From DRUM! Magazine’s August 2017 Issue | Text, Transcription, And Video By Andy Ziker

Knowing him as one of the leading figures in the development of modern straight-ahead jazz drumming, we may forget that Jeff “Tain” Watts also played for three years in the house band on The Tonight Show With Jay Leno and has proved over the years to be an incredibly versatile musician. As it turns out, Watts is also a top-notch composer. Every tune on his recent solo release Blue, Vol. 2 is so strong that it was difficult to choose only a few to transcribe. Watts handles odd-time-signature funk with controlled abandon and long, adventurous phrasing. His use of texture, dynamic control, and rhythmic flow reveals a master at the top of his game.

“Waltz For Marvin”

3.-GrooveAnalysis-Waltz-For-Marvin-Jeff-'Tain'-Watts-WEBYou’ve never heard a waltz like this. Watts, who is a champion at the rolling triplet version popularized by Elvin Jones with John Coltrane, instead chooses a sixteenth-note-oriented variety with a calypso-funk vibe. The bass drum, using a low but open tone, pounds out a four-over-three polyrhythm; snare accents fall mostly on the & of 1 and 3; and the hi-hat provides the pizzazz with beautifully placed accents and openings.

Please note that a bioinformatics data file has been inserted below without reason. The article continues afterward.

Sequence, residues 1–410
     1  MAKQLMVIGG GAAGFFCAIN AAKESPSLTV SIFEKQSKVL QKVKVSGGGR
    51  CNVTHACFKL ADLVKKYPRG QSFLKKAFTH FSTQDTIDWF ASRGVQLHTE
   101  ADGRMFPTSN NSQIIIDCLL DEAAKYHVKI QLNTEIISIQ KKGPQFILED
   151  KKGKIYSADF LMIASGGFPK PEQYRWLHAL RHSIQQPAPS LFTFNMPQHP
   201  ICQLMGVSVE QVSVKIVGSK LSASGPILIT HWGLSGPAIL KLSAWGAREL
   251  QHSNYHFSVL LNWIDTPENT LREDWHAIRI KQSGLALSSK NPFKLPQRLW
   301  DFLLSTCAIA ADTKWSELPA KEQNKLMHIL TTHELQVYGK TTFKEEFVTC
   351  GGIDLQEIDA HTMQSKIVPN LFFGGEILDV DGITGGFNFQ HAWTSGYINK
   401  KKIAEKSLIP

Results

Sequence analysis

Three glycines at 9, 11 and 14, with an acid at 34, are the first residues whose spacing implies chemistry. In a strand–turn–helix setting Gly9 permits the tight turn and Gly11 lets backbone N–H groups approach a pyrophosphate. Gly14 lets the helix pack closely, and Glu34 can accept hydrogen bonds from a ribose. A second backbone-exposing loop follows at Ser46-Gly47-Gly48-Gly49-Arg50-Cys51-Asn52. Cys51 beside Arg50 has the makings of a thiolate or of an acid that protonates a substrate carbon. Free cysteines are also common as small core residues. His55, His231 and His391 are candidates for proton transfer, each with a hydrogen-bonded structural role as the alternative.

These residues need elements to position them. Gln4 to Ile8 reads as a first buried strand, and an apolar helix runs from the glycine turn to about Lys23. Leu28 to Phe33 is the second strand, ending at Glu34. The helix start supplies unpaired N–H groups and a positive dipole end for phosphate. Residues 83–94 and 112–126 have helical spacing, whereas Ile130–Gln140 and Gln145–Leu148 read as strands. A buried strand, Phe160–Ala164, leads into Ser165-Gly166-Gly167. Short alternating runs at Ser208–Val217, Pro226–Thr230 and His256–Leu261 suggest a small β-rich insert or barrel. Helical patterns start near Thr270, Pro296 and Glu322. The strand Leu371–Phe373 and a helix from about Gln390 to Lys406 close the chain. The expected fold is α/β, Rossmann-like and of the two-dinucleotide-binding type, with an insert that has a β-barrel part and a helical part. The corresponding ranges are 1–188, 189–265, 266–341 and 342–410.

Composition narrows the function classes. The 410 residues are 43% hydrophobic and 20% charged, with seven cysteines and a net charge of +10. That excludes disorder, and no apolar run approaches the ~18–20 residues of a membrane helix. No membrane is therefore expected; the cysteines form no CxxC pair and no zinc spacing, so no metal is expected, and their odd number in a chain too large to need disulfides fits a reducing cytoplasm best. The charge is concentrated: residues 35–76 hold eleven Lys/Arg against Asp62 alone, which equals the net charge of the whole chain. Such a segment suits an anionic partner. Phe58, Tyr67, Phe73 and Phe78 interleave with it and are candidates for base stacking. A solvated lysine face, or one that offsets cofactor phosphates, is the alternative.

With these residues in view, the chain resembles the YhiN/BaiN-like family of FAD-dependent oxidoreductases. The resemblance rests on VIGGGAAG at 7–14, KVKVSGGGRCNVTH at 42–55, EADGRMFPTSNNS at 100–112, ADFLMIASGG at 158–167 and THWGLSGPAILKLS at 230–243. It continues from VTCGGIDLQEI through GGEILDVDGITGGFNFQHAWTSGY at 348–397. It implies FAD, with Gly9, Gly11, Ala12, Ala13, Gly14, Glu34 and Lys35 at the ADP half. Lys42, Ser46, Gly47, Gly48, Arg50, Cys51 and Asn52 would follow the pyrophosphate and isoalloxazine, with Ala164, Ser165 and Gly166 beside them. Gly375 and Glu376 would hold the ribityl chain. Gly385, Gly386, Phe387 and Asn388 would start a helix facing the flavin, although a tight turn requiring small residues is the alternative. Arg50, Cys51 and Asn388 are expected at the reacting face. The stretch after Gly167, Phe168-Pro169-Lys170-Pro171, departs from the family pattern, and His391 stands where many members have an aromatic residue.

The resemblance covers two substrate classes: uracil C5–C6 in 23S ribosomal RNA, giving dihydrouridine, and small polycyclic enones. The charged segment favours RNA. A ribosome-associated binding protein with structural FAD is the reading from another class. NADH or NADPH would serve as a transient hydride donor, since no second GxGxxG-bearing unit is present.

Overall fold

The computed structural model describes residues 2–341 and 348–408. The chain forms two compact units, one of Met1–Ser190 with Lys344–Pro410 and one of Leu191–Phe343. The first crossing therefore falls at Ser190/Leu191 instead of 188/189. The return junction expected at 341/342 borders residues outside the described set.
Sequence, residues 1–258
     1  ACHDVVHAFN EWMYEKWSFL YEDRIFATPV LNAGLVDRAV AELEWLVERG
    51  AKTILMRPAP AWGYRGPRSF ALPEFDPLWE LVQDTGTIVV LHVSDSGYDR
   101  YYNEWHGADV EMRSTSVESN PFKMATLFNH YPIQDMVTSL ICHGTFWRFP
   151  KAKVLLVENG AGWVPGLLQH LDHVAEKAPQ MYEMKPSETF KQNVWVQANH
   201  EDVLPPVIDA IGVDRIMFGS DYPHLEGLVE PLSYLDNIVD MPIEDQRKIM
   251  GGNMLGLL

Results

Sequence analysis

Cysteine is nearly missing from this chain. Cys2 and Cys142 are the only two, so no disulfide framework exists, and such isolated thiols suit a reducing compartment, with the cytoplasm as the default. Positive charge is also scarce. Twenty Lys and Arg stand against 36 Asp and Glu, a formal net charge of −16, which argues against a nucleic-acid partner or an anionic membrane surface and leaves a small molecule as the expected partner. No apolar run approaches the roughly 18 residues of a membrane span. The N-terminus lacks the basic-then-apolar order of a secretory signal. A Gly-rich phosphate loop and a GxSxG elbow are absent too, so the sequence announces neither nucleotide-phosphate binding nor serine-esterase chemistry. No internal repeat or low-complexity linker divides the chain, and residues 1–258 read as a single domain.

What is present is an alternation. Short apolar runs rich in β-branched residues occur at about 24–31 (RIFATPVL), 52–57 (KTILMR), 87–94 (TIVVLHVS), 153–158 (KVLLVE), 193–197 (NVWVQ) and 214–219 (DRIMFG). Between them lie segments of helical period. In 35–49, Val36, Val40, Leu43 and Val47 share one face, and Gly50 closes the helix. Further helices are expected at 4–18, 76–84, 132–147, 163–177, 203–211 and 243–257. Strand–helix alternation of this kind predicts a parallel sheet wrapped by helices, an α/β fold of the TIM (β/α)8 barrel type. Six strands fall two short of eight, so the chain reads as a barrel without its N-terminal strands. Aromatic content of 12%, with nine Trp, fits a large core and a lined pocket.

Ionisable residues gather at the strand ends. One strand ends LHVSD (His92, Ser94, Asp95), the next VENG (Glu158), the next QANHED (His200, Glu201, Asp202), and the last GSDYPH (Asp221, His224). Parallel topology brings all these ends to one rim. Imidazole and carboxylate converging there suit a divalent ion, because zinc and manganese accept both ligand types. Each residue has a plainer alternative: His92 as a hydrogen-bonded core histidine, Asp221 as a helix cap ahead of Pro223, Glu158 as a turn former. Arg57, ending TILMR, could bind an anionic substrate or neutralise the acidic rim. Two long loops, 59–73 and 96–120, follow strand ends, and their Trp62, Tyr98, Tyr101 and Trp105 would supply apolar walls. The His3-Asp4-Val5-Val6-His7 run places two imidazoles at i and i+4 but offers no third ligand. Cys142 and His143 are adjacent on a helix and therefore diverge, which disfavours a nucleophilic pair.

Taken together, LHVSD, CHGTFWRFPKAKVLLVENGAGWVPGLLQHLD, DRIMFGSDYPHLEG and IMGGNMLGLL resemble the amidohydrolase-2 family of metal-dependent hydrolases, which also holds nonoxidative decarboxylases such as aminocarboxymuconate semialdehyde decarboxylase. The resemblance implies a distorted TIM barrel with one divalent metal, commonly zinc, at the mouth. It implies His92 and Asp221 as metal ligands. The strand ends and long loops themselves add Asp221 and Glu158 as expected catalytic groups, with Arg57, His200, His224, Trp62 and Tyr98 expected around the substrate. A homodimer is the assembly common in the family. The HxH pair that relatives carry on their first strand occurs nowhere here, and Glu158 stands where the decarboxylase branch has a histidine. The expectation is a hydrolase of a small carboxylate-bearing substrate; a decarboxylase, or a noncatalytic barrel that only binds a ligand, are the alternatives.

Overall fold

“Lenalane”

1.-GrooveAnalysis-Lenalane-Jeff-'Tain'-Watts-WEBA Harvey Mason-esque fill in 4/4 leads us into an instrumental interlude in 5/8, in which mini-phrases can be felt in three measures of five or one measure of five and one measure of ten. Watts gives us a plenitude of thematic content to hang onto, including a four-sixteenth-note combination (bass, snare, snare, bass) and a lick that moves from the bell of the ride to open hi-hat. However, he also feels free to change things up, such as with the bar of partially open hi-hat in measure six.

 

“Sons Of The Jitney Man”

2.-GrooveAnalysis-Sons-of-the-Jitney-Man-Jeff-'Tain'-Watts-WEBA big ol’ power flam launches us into a songo funk in six along with a bass/piano ostinato and a dissonant tenor sax melody. Snare accents are positioned to produce a floating sensation, syncopated bass drum weaves in and out of the vamp, and mostly closed hi-hat defines the time while keeping the momentum going. Watts employs three levels of dynamics on the snare, open hi-hat jabs on the & of 5 along with piano chords, and rimshots (both accented and unaccented).

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